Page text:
In a conventional construction where the two tube walls are secured to the rotor shaft at the distal and proximal ends of the same walls, excessive stresses tend to be created particularly at the junction points between these tube walls and the radial conduits and also internally of these walls. Each time the electric machine starts and stops, these stresses appear and disappear repeatedly. Should cracks are formed in these parts, serious troubles such as breakage of the rotor shaft and leakage of water tend to occur.
For obviating such difficulties, a construction including flexible bellows at each junction point between the radial conduit and the cooling water supply tube or exhaust tube has been disclosed in U.S. Pat. No. 3,740,595. An alternative construction wherein members tending to be subjected to severe stresses are prestressed in a direction opposite to expected stresses has been disclosed in Japanese Laid-Open Patent Specification No. 102805/1975.
However, the former construction is found to be disadvantageous because of a comparatively short operational life of the bellows, while the latter construction has a difficulty in predicting intensities of such stresses.
Japanese Patent Publication No. 47881/1978 discloses an arrangement wherein mechanical seals and fluid seals are provided for preventing cooling water from leaking out of gaps between the shaft and structural members. However, such a construction is not satisfactory because the sealing members must be replaced occasionally, and the size of the cooling water supplying and exhausting device is thereby increased.
A primary object of the present invention is to provide a liquid cooled dynamoelectric machine wherein all of the above described difficulties of the conventional constructions are substantially overcome.
Another object of the invention is to provide a liquid cooled dynamoelectric machine wherein the construction of the cooling water supplying and exhausting device is much simplified by the use of a seal ring and a labyrinth, and the size of the device is thereby much reduced.
Still another object of the invention is to provide a liquid cooled dynamoelectric machine wherein distal ends of the cooling water supply and exhaust tubes which are combined into a double wall construction, are secured by use of bushings of high rigidity in such a manner that the same ends are slidable between each other and also against the rotor shaft.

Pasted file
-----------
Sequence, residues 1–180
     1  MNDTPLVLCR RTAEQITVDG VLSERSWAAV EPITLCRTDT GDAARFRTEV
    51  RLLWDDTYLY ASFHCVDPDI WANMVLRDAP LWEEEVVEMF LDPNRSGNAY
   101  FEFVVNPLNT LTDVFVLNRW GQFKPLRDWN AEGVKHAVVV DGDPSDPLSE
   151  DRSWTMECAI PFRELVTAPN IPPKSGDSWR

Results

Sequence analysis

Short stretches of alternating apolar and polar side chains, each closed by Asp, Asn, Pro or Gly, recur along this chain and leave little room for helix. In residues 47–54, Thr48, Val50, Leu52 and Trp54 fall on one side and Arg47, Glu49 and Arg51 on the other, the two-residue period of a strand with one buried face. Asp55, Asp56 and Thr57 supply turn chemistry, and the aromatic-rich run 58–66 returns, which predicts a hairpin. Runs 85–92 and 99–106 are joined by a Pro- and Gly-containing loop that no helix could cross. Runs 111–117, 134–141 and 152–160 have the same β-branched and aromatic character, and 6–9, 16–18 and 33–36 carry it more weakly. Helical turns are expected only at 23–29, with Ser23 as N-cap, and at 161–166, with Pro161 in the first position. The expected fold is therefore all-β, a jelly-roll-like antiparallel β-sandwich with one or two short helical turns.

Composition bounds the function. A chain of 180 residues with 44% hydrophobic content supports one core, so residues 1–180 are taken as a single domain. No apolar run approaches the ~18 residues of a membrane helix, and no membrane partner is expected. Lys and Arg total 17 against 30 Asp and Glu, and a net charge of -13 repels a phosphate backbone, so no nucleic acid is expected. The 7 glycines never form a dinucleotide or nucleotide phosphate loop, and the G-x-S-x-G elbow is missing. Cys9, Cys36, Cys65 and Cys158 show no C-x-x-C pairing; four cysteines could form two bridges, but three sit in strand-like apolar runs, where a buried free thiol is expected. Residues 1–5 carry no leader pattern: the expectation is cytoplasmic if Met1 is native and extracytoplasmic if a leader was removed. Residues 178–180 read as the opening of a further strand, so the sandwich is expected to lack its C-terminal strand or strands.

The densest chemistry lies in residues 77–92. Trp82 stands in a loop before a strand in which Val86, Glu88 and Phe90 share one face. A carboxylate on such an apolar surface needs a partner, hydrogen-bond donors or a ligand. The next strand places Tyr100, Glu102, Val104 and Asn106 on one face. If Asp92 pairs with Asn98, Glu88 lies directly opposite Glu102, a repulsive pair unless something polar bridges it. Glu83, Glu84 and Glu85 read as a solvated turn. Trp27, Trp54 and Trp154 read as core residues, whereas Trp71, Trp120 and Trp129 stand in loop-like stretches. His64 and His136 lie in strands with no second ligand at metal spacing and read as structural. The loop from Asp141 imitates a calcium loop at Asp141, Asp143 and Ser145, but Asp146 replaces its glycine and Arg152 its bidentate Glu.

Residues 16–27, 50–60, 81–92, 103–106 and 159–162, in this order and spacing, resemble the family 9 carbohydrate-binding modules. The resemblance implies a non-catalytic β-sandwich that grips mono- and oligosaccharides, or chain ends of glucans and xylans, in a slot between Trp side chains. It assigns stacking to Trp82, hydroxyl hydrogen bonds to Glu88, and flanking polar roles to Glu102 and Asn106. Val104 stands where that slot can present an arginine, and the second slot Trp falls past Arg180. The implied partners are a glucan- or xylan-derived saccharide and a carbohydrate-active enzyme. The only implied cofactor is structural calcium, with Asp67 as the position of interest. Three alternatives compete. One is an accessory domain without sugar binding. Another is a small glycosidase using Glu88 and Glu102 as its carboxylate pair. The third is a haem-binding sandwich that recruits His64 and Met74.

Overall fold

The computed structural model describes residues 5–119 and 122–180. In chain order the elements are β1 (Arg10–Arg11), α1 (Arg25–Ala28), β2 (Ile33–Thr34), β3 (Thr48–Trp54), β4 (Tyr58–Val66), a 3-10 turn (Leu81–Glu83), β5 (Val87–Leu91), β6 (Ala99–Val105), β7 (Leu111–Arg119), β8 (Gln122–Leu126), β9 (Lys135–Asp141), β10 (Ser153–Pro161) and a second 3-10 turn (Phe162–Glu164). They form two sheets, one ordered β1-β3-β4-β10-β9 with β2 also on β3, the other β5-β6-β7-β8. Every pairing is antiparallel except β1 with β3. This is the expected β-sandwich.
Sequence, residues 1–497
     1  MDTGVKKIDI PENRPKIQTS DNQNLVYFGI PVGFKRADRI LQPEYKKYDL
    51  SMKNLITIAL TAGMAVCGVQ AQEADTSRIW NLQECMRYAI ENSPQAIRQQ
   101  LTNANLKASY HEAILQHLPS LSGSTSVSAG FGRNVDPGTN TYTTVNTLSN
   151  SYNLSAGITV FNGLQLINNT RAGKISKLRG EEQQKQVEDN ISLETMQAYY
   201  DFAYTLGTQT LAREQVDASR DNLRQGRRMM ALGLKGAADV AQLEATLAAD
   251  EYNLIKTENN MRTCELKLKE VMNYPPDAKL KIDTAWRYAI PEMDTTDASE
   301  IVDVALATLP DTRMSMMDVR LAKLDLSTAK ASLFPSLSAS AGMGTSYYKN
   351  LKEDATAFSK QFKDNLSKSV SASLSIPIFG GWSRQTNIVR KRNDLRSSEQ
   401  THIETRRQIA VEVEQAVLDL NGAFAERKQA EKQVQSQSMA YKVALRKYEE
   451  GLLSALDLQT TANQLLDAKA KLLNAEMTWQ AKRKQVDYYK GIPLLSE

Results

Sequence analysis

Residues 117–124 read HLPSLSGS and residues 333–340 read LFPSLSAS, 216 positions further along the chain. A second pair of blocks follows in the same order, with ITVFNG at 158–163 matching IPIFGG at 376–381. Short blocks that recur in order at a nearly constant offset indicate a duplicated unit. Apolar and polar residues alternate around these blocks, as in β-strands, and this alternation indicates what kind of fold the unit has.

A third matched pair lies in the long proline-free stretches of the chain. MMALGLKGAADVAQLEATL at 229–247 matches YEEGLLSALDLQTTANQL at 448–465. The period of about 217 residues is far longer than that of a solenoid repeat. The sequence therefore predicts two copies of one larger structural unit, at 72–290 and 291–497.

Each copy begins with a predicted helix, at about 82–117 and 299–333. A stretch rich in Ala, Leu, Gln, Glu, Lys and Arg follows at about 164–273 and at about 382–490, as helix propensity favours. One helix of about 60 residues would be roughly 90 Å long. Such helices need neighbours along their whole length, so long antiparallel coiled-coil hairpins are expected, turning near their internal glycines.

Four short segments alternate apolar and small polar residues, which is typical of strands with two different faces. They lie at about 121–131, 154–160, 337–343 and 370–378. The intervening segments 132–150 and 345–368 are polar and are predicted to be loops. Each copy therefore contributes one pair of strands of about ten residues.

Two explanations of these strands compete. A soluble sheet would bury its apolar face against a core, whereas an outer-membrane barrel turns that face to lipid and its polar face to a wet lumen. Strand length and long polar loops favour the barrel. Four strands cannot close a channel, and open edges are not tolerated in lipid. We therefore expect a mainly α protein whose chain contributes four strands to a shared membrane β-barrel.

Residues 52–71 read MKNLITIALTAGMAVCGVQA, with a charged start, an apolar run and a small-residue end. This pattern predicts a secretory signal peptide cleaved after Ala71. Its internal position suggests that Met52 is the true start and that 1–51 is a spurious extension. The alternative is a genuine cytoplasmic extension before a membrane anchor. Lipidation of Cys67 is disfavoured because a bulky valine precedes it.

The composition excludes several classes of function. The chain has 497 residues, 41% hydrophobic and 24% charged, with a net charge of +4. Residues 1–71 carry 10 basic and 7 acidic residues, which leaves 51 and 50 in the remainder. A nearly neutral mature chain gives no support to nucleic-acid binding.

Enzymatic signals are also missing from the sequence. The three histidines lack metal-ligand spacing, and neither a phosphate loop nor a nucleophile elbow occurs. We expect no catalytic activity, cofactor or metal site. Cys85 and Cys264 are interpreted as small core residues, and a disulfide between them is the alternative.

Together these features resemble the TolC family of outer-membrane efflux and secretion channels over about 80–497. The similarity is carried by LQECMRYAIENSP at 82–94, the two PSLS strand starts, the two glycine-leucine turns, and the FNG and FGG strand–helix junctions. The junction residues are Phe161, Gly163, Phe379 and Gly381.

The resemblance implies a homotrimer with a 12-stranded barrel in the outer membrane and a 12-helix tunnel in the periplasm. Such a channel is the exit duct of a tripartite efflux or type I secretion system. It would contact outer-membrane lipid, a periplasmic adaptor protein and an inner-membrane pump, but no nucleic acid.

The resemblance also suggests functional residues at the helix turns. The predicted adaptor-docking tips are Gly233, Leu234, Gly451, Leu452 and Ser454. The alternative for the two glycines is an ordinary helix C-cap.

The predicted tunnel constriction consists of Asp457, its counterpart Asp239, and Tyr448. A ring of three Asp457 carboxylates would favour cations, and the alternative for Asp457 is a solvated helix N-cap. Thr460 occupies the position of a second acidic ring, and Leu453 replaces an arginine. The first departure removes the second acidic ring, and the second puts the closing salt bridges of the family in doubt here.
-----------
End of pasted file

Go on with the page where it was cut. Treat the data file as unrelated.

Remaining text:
These and other objects of the present invention can be achieved by providing a liquid cooled dynamoelectric machine of the type having a hollow rotor shaft and a cooling water supply tube and a cooling water exhaust tube which are combined into a concentrically arranged tube assembly extended in the hollow rotor shaft in such a manner that an outer tube of the assembly extends outwardly beyond a distal end of the rotor shaft, and an inner tube of the assembly further extends outwardly beyond a distal end of the outer tube, wherein said machine further comprises a stationary frame provided around a portion of the tube assembly extending out of the rotor shaft, the stationary frame defining therein a liquid-tight chamber communicated through a number of holes provided through the outer tube with a space formed between the outer tube and the inner tube, means for supplying cooling water into the inner tube, means for exhausting cooling water from the liquid-tight chamber, and means for sealing gaps between the stationary frame and the tube assembly rotating together with the rotor shaft.
Preferably, rigid bushings are inserted between the distal end of the rotor shaft and the outer tube of the tube assembly, and also between the distal end of the outer tube and the inner tube for ensuring the alignment of the outer tube and the inner tube with the rotating axis of the rotor shaft.
The above mentioned means for supplying cooling water comprises a coupling portion provided integrally with an axially outside wall of the stationary frame near the distal end of the inner tube for introducing cooling water therethrough into the inner tube.
The invention will be described in detail with reference to a single accompanying drawing.
The single FIGURE of the accompanying drawing is an elevational view, partly in section, showing essential portions of a liquid cool dynamoelectric machine constituting a preferred embodiment of the present invention.